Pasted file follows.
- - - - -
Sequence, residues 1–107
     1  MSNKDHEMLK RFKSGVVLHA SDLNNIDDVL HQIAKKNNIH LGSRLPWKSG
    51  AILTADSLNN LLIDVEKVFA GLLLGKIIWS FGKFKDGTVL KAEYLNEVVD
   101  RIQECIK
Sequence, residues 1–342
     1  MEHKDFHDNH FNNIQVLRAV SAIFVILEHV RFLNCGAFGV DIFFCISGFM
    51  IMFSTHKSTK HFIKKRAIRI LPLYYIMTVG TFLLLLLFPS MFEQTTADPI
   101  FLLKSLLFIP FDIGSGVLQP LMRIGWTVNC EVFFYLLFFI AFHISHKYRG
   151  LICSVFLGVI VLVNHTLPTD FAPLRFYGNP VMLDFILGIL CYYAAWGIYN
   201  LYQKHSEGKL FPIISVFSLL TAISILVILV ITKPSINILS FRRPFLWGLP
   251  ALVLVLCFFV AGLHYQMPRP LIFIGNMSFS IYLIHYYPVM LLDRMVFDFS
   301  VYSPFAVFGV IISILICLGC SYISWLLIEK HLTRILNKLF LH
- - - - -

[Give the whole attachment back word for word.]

Sequence, residues 1–107
     1  MSNKDHEMLK RFKSGVVLHA SDLNNIDDVL HQIAKKNNIH LGSRLPWKSG
    51  AILTADSLNN LLIDVEKVFA GLLLGKIIWS FGKFKDGTVL KAEYLNEVVD
   101  RIQECIK
Sequence, residues 1–342
     1  MEHKDFHDNH FNNIQVLRAV SAIFVILEHV RFLNCGAFGV DIFFCISGFM
    51  IMFSTHKSTK HFIKKRAIRI LPLYYIMTVG TFLLLLLFPS MFEQTTADPI
   101  FLLKSLLFIP FDIGSGVLQP LMRIGWTVNC EVFFYLLFFI AFHISHKYRG
   151  LICSVFLGVI VLVNHTLPTD FAPLRFYGNP VMLDFILGIL CYYAAWGIYN
   201  LYQKHSEGKL FPIISVFSLL TAISILVILV ITKPSINILS FRRPFLWGLP
   251  ALVLVLCFFV AGLHYQMPRP LIFIGNMSFS IYLIHYYPVM LLDRMVFDFS
   301  VYSPFAVFGV IISILICLGC SYISWLLIEK HLTRILNKLF LH